Greenpeace urges courts to revisit Trafigura case

Greenpeace is pressing the Dutch courts to prosecute global commodities trader Trafigura for “deliberately” dumping toxic oil waste in the Ivory Coast in 2006, the environmental group said.
Last week, the trader said it had reached a settlement with thousands of people in the West African country who said they had fallen sick when slops from a ship it had chartered were dumped in the commercial capital Abidjan, Reuter reports.
Trafigura, which has repeatedly denied any wrongdoing, said the settlement of £950 to each of the 31 000 claimants was not an admission of liability.
The British-based law firm representing claimants, Leigh Day and Co, has so far failed to confirm the settlement. On Monday a spokeswoman once again declined to comment on Trafigura’s assertion that a deal had been struck.
Trafigura said in its statement that Leigh Day and Co had accepted that experts were unable to identify a link between the slops deposited and any deaths, miscarriages, still births or other serious injuries.
Separately, Greenpeace said it had filed a complaint with the European Court of Justice in The Hague against the Dutch Public Prosecutor’s Office for what it says was the court’s failure to properly examine all the evidence and bring criminal charges against the firm.
Reacting to the environmental group, Trafigura said in a statement: “Greenpeace’s stance is in direct contradiction to the evidence and agreed positions of Trafigura and Leigh Day & Co, as outlined within the recent joint agreement.”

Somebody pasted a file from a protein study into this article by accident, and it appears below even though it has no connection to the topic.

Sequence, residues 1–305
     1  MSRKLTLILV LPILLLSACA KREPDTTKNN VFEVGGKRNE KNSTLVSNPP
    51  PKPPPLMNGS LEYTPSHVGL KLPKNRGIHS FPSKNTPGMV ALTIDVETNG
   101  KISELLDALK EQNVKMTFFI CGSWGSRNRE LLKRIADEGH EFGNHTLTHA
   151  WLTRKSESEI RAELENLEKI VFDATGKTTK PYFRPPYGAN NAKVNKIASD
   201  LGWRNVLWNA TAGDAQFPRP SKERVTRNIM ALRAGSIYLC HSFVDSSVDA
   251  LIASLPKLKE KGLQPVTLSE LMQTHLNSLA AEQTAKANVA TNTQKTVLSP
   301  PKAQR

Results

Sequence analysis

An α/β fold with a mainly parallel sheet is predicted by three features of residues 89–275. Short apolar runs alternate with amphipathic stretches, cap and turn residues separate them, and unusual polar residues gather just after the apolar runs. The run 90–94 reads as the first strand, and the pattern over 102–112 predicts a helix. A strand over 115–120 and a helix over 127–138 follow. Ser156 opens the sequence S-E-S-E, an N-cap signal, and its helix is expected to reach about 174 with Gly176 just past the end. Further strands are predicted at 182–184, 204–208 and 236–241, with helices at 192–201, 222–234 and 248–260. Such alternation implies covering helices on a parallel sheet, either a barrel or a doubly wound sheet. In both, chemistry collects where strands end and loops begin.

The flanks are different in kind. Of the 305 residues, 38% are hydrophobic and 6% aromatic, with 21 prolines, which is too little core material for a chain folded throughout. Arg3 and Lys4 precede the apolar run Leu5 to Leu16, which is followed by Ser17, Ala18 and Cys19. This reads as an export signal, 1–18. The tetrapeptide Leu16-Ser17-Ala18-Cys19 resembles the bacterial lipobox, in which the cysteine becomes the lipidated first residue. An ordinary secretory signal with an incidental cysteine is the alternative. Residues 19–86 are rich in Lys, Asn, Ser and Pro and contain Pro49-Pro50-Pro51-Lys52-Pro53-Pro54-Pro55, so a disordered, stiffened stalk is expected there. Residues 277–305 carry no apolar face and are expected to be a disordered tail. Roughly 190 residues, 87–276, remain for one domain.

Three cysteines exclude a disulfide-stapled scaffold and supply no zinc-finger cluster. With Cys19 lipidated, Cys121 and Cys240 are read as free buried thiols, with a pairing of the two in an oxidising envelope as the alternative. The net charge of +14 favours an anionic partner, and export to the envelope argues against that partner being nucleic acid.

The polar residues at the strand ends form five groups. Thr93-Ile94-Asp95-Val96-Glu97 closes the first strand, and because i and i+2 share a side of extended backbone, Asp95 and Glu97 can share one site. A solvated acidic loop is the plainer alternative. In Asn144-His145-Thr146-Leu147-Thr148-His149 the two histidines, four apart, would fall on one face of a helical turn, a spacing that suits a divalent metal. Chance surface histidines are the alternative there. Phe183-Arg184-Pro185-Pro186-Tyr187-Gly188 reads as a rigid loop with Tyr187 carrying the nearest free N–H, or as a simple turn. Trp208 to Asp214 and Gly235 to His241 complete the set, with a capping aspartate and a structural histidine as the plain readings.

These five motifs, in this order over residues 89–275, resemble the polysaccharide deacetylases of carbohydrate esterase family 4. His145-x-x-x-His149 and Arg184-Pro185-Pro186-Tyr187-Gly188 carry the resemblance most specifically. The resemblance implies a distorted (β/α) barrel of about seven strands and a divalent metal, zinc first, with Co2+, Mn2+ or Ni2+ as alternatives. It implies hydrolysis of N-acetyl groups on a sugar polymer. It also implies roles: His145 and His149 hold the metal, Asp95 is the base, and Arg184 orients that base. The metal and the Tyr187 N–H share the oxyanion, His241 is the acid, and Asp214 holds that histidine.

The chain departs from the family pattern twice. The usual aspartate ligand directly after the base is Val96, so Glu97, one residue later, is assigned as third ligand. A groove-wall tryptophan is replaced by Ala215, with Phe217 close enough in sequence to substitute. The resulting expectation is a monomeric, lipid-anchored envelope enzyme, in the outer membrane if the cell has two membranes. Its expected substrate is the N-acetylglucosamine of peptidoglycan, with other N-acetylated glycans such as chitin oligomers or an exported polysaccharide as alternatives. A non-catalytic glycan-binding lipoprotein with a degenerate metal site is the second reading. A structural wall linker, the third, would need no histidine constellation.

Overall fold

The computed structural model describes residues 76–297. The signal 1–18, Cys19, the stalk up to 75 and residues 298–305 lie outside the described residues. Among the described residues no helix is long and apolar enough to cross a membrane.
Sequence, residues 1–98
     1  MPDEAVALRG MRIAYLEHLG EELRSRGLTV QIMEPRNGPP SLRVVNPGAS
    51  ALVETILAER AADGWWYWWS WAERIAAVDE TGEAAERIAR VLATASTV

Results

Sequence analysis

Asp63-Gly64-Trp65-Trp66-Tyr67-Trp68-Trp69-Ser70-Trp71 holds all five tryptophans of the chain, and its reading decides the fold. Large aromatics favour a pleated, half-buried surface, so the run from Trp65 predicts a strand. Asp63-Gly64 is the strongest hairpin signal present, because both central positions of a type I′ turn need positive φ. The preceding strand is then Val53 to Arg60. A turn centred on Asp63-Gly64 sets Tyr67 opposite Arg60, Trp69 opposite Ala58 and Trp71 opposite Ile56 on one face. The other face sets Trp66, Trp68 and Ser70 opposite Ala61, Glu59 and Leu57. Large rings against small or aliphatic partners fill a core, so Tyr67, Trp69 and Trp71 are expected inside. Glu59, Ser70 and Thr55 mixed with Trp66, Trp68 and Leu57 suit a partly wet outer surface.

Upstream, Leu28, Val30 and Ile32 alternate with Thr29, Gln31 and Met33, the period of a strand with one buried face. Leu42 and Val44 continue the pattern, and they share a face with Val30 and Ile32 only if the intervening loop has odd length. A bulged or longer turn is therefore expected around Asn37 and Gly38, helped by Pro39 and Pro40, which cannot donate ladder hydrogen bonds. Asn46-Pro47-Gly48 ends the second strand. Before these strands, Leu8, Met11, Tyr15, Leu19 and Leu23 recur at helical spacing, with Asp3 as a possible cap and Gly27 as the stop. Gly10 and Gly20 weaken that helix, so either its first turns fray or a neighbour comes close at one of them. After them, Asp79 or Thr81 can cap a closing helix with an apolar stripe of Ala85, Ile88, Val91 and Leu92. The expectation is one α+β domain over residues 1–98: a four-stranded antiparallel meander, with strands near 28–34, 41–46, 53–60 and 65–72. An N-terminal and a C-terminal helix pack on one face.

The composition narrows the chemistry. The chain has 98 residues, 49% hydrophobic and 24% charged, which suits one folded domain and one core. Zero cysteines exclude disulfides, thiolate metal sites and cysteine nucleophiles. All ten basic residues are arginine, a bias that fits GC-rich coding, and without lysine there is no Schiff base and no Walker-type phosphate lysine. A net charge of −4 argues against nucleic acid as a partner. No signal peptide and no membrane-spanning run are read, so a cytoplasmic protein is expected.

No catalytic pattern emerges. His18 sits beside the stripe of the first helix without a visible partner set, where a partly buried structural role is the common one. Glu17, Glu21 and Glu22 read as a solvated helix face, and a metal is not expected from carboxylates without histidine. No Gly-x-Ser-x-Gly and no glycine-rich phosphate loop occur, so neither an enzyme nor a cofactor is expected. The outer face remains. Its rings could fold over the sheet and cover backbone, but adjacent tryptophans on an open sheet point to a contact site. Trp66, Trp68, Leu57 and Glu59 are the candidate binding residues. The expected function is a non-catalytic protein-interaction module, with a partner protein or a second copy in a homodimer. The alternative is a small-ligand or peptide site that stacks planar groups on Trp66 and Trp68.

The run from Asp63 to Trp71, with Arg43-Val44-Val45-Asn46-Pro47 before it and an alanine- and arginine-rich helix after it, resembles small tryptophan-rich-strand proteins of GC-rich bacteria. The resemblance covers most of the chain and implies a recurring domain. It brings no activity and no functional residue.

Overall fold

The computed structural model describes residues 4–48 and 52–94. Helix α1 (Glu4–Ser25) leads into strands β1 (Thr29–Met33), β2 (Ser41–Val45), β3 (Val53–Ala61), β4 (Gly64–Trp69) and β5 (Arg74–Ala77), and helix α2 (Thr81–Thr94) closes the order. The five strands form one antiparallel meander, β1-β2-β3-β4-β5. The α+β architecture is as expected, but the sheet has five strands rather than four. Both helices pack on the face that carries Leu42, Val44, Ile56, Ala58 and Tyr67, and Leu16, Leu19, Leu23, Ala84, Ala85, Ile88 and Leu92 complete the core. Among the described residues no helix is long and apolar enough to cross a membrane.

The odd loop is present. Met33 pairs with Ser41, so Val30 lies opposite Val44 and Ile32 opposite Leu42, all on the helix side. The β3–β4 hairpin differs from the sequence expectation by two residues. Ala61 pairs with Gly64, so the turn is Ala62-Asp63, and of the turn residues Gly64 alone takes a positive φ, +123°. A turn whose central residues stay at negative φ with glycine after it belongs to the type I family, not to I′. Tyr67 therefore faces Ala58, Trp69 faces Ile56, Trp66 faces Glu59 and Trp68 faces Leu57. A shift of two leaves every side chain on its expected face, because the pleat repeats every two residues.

Dutch prosecutors
“We are arguing that Trafigura be prosecuted for intentional pollution of the environment in Abidjan that the dumping was a deliberate act, resulting in injuries and death,” said Greenpeace’s toxic campaign leader Marietta Harjono.
Greenpeace said it had alerted Dutch prosecutors to Trafigura’s involvement at the time of the disaster.
But it said Dutch prosecutors only decided to pursue offences that preceded the dumping incident namely the export of hazardous waste to the Ivory Coast. Export of toxic waste is prohibited under European law.
Greenpeace contends that the complaint lodged at The Hague, a 24-page document, includes new evidence that they say implicates Trafigura, including internal emails purportedly showing that the company intended to mislead Dutch authorities.
“I think our case, our complaint, is even more important than the settlement because we believe Trafigura is escaping the courts and we’ve seen that for years now,” Harjono said in relation to the case.
Commenting on Trafigura’s announced settlement, Greenpeace said: “Justice is not a commodity to be bought and sold. Only when those who are responsible are prosecuted under the full force of the law and made to pay for their crime will environmental legislation become a force to be reckoned with.”
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